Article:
A Fine Old Australian Aboriginal Bark Painting From NE Arnhem Land Northern Territory
|Size||Size: 108 x 62cm|
A Superb Old Australian Aboriginal Bark Painting From NE Arnhem Land Northern Territory. Circa 1975
Djalga the Goanna coming out of the sacred water hole made by the creator Wuyal . This story refers also to important Dhuwa moiety ancestors called the Wawilak Sisters.
This beautiful older Bark Painting is from the Northeast Arnhem Land area of the Northern Territory of Australia. The Painting depicts Djalga the Goanna coming out of the sacred water hole made by the creator Being Wuyal and there is very fine Raark or cross-hatching
Cross-hatching called Raark is one of the most distinctive and beautiful features of Arnhem Land Bark Paintings Closely-spaced fine lines are drawn in particular colours, intersecting each other. The chosen colours may be specific to a particular clan, and the effect is difficult to describe but produces a deep impression on the viewer. Traditionally, the most sacred designs drawn on bodies during ceremonies were drawn with a quality called “bir’yun”, which is loosely translated as scintillation (as in the twinkling of stars) but carries a connotation of sunlight reflected off the sparkling water.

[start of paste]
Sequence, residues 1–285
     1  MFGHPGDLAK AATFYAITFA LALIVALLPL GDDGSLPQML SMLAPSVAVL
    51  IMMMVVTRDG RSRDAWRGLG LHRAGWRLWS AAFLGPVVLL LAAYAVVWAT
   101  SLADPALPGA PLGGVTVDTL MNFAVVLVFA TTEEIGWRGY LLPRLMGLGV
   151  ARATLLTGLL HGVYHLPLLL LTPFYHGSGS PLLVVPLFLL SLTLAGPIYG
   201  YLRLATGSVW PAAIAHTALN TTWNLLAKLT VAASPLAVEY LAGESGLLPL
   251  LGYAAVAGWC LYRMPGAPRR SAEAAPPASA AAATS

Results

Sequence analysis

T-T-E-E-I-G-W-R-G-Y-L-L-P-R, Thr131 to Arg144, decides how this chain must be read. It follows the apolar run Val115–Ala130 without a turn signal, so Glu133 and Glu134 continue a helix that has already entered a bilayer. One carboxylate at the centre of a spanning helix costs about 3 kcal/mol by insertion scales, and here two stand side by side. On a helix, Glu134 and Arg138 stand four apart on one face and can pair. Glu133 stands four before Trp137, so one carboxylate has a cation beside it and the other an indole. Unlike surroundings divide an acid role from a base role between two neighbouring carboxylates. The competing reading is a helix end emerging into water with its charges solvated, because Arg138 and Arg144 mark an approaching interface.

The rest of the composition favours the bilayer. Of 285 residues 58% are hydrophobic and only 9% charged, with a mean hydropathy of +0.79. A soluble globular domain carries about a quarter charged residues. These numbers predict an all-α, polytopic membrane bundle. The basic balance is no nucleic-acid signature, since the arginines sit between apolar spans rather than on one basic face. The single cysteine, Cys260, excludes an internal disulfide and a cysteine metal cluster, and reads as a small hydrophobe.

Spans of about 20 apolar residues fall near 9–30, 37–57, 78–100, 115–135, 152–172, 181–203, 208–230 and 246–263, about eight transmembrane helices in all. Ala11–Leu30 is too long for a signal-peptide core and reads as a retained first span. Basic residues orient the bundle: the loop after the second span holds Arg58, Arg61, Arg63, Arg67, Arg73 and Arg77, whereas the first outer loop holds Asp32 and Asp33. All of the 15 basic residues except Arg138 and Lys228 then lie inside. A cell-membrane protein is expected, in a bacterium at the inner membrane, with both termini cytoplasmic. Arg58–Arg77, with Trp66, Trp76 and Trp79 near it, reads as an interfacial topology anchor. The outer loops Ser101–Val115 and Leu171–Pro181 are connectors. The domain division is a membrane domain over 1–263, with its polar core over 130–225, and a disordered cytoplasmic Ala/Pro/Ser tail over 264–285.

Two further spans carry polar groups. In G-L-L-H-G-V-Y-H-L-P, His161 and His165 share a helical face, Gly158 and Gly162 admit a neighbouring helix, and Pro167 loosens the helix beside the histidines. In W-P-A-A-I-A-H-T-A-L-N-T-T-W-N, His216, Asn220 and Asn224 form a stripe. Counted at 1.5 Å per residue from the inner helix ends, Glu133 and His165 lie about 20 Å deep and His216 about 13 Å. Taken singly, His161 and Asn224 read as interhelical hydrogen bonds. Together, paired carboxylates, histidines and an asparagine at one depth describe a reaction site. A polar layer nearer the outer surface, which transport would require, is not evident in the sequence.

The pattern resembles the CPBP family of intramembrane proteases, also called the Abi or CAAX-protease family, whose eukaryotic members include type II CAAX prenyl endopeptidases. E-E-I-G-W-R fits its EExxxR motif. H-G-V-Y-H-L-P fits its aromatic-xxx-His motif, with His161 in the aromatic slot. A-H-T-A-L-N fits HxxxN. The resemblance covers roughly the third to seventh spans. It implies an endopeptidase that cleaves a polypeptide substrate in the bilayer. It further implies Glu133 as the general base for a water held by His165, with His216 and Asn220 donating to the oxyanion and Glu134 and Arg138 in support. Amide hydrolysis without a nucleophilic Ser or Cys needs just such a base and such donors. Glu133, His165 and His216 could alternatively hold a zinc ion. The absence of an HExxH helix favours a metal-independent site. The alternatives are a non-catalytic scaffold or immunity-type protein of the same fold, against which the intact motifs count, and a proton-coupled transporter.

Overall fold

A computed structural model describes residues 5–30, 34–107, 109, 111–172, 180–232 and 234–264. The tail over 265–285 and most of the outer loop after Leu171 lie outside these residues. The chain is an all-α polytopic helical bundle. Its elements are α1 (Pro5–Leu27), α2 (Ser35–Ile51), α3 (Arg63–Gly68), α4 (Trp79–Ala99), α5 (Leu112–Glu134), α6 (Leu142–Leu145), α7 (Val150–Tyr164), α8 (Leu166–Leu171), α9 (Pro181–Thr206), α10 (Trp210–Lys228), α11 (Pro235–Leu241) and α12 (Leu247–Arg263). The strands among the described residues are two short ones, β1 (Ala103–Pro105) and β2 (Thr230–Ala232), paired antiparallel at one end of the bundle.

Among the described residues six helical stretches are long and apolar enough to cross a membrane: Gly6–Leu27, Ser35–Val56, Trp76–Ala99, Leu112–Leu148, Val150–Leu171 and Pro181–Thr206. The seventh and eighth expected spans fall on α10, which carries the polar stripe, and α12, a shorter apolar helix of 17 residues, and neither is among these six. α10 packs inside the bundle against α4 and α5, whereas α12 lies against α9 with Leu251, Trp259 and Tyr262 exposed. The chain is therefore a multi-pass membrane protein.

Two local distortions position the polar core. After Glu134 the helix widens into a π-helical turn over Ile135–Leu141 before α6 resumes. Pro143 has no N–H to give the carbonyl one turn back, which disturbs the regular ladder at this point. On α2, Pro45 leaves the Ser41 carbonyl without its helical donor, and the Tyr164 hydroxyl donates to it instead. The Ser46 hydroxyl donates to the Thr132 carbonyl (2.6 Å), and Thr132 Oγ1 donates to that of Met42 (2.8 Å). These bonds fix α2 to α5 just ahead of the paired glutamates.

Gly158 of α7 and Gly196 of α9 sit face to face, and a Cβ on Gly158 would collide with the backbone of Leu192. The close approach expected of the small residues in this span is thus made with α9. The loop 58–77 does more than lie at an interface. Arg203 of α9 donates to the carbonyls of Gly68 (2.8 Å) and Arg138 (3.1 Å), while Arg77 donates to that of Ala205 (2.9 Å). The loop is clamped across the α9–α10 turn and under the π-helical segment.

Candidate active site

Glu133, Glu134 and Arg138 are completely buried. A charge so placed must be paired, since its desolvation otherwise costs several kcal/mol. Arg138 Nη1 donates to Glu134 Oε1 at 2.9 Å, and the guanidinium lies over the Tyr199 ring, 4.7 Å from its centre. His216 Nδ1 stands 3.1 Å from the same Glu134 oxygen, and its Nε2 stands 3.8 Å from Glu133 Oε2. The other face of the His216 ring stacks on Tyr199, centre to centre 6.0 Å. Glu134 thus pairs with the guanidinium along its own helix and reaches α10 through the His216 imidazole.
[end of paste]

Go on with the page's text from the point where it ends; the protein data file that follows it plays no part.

Indigenous Artists from the Arnhem Land in the Northern Territory, use crushed earth ochre pigments to paint on sheets of eucalyptus bark, they paint beautiful spiritual images of deep cultural significance that show their spiritual connection with specific tracts of country
Arnhem Land Rock Art sites are some thousands of years old where ancient rock shelters were painted and maintained over generations, Arnhem Land is world-renowned for its Rock Art.
The designs seen on Arnhem Land Bark Paintings are traditional designs that are owned by the artist, or his “skin”, or his clan, and cannot be painted by other artists. In many cases, these designs would traditionally be used to paint the body for ceremonies or rituals, and also to decorate logs used in ceremonies. Artists also would paint designs on the bark walls and roofs of their shelters where stayed during seasonal food gathering.
Provenance: The Todd Barlin Collection of Oceanic and Australian Aboriginal